Les: We mocked up the front nose in foam to come up with the conceptual design. Then we modeled it in SolidWorks and made revisions. Following that process, we presented three concepts to our Product Group and they decided on the one we currently have for 2013.
TCM: Is it truly aerodynamic?
Les: We put an aerodynamic air dam on the bottom of the nose cap. It has the effect of deflecting air downward and helps to keep bugs off the front camper wall. The front nose cap also features a radius around the outside edge and a bubble in the middle to help move the air outward. Anything that’s curved is going to be more aerodynamic than something that’s flat.
TCM: What material is the front nose cap made of?
Les: It is made out of high impact scratch resistant high gloss TPO, or thermoplastic polyolefin. It’s the same material that car bumpers are being made out of. It’s a different kind of TPO than the TPO used on our roofs. It is also much lighter than fiberglass and does not crack in different climates.
Above: This 2013 Lance 992 with Rainforest interior is currently at Princess Craft Campers in Round Rock, TX.
TCM: Where is the front nose cap manufactured?
Les: Vernon, California. They’re made in the USA.
TCM: Is it possible for someone with a 2012 Lance or older to get that front cap installed?
Les: Before the 2013 design change, our truck camper models had one of three different front nose contours. Fitting the new front nose cap on older models isn’t possible.
TCM: The second most interesting 2013 Lance announcement is invisible; the change to Azdel composite to replace the luan wood in the walls and ceiling. Lance has been experimenting and using Azdel to different degrees for a few years. What led to the complete change over?
Les: Getting the wood product out of our walls was important. Plus, the luan wood product comes from Malaysia and it’s inconsistent.
From a laminating characteristic, Azdel is more consistent, and there’s no formaldehyde. Azdel has a R2 value and is made in the USA. It is also lighter than luan, it’s not affected by moisture mold or mildew, and has sound and energy absorbing characteristics.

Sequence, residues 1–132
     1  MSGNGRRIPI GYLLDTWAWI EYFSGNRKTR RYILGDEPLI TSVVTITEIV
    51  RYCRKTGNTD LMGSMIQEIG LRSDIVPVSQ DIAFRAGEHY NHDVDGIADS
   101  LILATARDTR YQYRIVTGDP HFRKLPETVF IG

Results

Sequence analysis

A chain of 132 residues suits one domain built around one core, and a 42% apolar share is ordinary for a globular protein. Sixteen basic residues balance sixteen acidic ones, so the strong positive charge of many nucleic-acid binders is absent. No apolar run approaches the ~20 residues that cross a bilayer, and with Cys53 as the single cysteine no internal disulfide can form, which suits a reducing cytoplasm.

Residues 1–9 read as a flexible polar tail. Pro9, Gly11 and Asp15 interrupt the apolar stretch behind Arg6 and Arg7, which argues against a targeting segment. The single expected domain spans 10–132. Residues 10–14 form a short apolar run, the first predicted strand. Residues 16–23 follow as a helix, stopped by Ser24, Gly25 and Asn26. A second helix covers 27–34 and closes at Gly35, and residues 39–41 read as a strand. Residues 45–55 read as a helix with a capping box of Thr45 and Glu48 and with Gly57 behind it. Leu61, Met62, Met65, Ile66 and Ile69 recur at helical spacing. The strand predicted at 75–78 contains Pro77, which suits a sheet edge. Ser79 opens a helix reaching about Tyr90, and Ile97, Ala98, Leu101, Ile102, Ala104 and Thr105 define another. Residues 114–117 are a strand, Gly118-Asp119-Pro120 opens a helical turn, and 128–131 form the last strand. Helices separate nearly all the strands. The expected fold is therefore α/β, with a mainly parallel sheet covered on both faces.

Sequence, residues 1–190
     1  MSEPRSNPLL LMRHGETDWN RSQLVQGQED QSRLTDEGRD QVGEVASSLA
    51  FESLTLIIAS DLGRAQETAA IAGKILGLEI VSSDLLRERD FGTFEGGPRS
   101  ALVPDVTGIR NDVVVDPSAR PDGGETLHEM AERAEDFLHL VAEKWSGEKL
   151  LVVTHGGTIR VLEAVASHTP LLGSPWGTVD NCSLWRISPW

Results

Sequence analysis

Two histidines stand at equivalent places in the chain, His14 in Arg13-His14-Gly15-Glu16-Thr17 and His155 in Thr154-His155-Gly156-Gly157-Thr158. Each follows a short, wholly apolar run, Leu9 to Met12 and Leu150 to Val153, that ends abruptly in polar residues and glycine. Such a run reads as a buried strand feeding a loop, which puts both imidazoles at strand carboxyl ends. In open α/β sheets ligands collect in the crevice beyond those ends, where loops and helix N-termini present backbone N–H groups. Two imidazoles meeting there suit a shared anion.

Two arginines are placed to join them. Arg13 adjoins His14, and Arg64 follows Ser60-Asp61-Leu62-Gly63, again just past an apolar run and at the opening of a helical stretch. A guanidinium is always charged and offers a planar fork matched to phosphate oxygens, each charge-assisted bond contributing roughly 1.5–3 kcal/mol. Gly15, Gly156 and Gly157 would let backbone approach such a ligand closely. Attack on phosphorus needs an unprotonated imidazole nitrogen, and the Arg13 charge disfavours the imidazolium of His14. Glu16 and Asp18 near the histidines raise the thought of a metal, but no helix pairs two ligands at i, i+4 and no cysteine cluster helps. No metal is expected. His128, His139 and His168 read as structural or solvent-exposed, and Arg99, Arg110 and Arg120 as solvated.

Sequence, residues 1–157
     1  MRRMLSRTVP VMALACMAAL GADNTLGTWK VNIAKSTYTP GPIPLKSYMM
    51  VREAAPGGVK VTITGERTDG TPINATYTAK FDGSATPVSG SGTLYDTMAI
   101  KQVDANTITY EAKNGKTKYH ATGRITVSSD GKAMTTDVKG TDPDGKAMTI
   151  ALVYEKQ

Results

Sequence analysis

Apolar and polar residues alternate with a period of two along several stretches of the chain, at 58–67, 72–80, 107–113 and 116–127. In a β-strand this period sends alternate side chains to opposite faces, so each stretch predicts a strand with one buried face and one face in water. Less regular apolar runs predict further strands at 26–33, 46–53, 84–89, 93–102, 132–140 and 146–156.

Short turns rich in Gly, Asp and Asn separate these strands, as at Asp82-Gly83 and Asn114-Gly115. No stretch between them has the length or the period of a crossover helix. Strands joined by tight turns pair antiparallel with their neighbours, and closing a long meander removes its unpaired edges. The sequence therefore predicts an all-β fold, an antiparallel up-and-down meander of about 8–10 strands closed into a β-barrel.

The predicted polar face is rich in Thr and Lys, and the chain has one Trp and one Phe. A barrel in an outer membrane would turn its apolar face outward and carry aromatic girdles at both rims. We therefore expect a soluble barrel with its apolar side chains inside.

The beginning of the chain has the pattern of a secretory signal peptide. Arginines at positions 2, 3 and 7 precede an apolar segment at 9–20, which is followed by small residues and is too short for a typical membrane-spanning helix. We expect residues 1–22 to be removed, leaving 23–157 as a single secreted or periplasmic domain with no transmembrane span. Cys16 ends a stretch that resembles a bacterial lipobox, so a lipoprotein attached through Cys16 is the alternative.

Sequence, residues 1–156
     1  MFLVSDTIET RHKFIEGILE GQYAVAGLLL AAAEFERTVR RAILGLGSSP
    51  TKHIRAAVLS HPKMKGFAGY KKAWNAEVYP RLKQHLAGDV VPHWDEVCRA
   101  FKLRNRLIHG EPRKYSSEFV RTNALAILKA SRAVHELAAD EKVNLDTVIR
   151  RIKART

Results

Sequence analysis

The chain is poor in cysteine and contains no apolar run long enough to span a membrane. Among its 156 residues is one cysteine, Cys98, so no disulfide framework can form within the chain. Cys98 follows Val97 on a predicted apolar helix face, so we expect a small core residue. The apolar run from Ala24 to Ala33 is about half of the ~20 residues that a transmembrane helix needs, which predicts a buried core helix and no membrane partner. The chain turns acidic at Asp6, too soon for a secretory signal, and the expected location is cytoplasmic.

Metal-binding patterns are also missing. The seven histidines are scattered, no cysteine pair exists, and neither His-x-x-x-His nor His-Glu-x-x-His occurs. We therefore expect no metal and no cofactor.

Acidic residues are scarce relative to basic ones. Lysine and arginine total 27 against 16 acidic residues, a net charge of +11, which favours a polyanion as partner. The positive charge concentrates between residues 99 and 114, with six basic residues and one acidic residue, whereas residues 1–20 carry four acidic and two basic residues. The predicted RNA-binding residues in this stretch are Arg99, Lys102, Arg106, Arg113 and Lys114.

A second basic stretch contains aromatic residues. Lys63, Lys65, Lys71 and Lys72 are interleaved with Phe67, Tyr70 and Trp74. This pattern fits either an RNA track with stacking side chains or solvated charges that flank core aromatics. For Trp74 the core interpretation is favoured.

Again, there’s a cost penalty and a weight savings. Azdel is much more expensive than the luan it replaces.
TCM: Does this mean there is no wood in the frame and structure of Lance campers?
Les: The floor is still wood on the top and bottom. The wings and risers still have wood. The top of the roof also has wood on it. Places you walk on like the roof and floors still have wood. Azdel is not as hard as wood. Heeled shoes could cause the Azdel to show compression marks. Everywhere else; side walls, the substrate on the fiberglass, inside on the ceiling, and the front and rear are all done with Azdel. Luan is only where you walk, on the top of the roof and the floor.
TCM: Did this change reduce the weight of Lance Campers for 2013?
Les: Yes, we saved weight, but part of the savings was offset with additional features. The 855S now has a one piece fiberglass bath, molded galley, and cabinets in cabover, so the camper weight actually went up twenty pounds. The added features are somewhat offset by the Azdel. Other models like the 1181 and 1191 see a weight savings of eighty to one hundred pounds because they already had some of these features.
Above: This 2013 Lance 1181 with Hot Spot interior is currently at New Horizons Outdoors in Douglasville, GA.